Friday, July 15, 2016

Pokemon Go (Gently) and Health

I am a writer. 
I am a gamer.
I have Cerebral Palsy.
I use Pokemon Go to benefit my physical and mental health.

I was the last kid picked in kickball, and the first one targeted in dodgeball. I always got “valuable attitude" awards and not “valuable player” awards. But, this isn’t about the fake, golden trophies you receive when playing sports. It's about the fact that my body doesn’t always listen to what my brain tells it to do. Even on my best days, my body falls short of my expectations. 

It’s hard to explain what it’s like when I want to zig but my body zags, and when “just a little farther" feels like a painful eternity. I didn't talk about Cerebral Palsy for a long time, because I've spent my entire life running from it or brushing it under the rug. I was a master at hiding my condition and its complications (for the most part).

I felt guilty bringing it up, often thinking, “Who am I to complain when others have it far worse than I do?"

I stayed silent because I could not find others like myself.

Every time I go out, I risk tripping or injuring myself in some way. But, I don't have to worry about that when I play video games, and that's why I've always been drawn to them. I use my brain to achieve greatness, and my disability is put on hold (to an extent).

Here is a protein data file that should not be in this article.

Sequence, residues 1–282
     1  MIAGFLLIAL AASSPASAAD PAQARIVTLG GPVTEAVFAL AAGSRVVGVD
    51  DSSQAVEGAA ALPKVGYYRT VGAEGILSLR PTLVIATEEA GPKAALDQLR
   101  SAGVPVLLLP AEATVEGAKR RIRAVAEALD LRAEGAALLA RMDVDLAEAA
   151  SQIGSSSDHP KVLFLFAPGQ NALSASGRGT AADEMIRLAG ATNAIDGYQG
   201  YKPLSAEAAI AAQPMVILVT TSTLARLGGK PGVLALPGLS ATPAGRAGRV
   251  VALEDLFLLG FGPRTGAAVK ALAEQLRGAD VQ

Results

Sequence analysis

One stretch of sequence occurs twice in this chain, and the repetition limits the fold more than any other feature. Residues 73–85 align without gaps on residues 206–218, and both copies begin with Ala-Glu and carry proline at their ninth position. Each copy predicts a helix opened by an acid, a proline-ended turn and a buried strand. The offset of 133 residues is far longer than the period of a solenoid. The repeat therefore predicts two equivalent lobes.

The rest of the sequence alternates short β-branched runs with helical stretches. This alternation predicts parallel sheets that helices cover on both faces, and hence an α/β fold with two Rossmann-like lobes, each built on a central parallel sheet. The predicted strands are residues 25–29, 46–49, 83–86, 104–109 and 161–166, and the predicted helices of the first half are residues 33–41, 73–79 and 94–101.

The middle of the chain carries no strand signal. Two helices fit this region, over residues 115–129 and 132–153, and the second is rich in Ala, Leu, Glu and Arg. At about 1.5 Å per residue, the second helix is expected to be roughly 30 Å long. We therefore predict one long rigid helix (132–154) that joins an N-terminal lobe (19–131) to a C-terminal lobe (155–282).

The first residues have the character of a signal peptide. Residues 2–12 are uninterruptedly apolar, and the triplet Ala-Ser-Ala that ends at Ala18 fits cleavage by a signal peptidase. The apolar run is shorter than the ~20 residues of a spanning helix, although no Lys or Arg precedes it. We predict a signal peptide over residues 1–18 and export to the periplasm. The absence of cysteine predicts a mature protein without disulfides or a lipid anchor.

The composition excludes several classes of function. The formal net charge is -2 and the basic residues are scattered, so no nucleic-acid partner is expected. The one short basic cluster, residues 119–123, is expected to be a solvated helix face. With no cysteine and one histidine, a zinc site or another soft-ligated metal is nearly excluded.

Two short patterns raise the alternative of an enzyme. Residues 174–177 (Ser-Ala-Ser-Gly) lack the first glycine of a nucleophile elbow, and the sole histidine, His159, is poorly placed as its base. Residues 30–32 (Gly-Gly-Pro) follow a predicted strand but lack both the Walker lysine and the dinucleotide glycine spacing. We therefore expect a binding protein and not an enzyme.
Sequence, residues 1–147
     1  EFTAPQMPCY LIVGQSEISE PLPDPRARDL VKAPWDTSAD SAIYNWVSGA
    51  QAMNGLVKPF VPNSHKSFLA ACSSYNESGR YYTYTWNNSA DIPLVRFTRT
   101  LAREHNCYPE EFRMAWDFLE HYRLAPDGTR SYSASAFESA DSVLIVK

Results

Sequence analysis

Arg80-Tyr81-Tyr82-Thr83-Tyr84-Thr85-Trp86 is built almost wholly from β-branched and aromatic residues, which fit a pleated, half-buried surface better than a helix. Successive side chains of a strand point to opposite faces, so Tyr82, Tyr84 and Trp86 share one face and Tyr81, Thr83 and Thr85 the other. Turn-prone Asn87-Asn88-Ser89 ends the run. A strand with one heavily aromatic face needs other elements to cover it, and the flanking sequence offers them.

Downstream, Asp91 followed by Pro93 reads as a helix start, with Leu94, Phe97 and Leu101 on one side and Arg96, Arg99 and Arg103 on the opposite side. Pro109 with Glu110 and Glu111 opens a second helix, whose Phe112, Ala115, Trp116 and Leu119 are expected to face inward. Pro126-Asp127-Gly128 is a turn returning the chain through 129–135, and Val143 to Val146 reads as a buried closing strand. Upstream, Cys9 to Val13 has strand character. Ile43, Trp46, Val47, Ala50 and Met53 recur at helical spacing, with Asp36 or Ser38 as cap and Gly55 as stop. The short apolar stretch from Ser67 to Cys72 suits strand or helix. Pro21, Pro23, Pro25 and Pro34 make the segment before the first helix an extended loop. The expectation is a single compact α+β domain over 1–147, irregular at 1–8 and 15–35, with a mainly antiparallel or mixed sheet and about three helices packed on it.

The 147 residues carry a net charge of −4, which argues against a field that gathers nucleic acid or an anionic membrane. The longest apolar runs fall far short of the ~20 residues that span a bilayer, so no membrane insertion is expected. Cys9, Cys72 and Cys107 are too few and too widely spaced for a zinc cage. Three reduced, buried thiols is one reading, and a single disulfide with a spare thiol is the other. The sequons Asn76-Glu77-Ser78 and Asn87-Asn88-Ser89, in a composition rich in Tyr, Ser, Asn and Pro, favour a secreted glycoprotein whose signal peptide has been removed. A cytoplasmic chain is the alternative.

The characters I play have no limits—-therefore I have no limits. I am immersed in the gameplay, forgetting that my very muscles tend to work against me. Pokemon provided me with the chance to be a "normal" kid: I could walk longer, I could throw and hit my mark every time, and I could ride a bike straight off ledges if I wanted. The possibilities were endless, and I was hooked.

An area near me with great Pokes and great walks.
Cue years passing, and I'm now an adult. I am still a gamer and a writer, and these outlets help me with the things I'm confronted with in my life. 

But I struggled to keep active. My thoughts contained kernels of fear and hesitation like: 

Why keep up a walking regiment if I'll wake up wanting to cry from muscle and bone pain that night? 

Why should I go hiking if I will stumble and fall, bleed and bruise?

Why even try when I will only hold others back?

Why even bother?

When Pokemon Go came out, writing about adventures was not enough. Finally, I could go on my own journey. Hooray! 

For those who are unfamiliar with the game, Pokemon Go requires players to walk around, going to real-life locations to "catch" Pokemon, get items at "Pokestops" and compete with others at "gyms." 

But when others shared their experience with Pokemon Go, my insecurities and doubts wormed their way back into my heart. I couldn't "play" the game as well as others... and I was that little girl who struggled to hit a ball from a tee-ball stand all over again. 

Enter the Twitter hashtag #PokemonGoGently.

#PokemonGoGently and Disability

For the initial few days after the app's release, I looked forward to traversing my backyard, and eventually ventured around my neighborhood streets. But when I read the sheer number of physical feats that others were performing, I questioned my abilities again.

Then a Twitter friend of mine responded to one of my tweets using the tag #PokemonGoGently, and curiosity gripped me instantly. I inquired about this interesting concept, and found a group of like-minded individuals in return.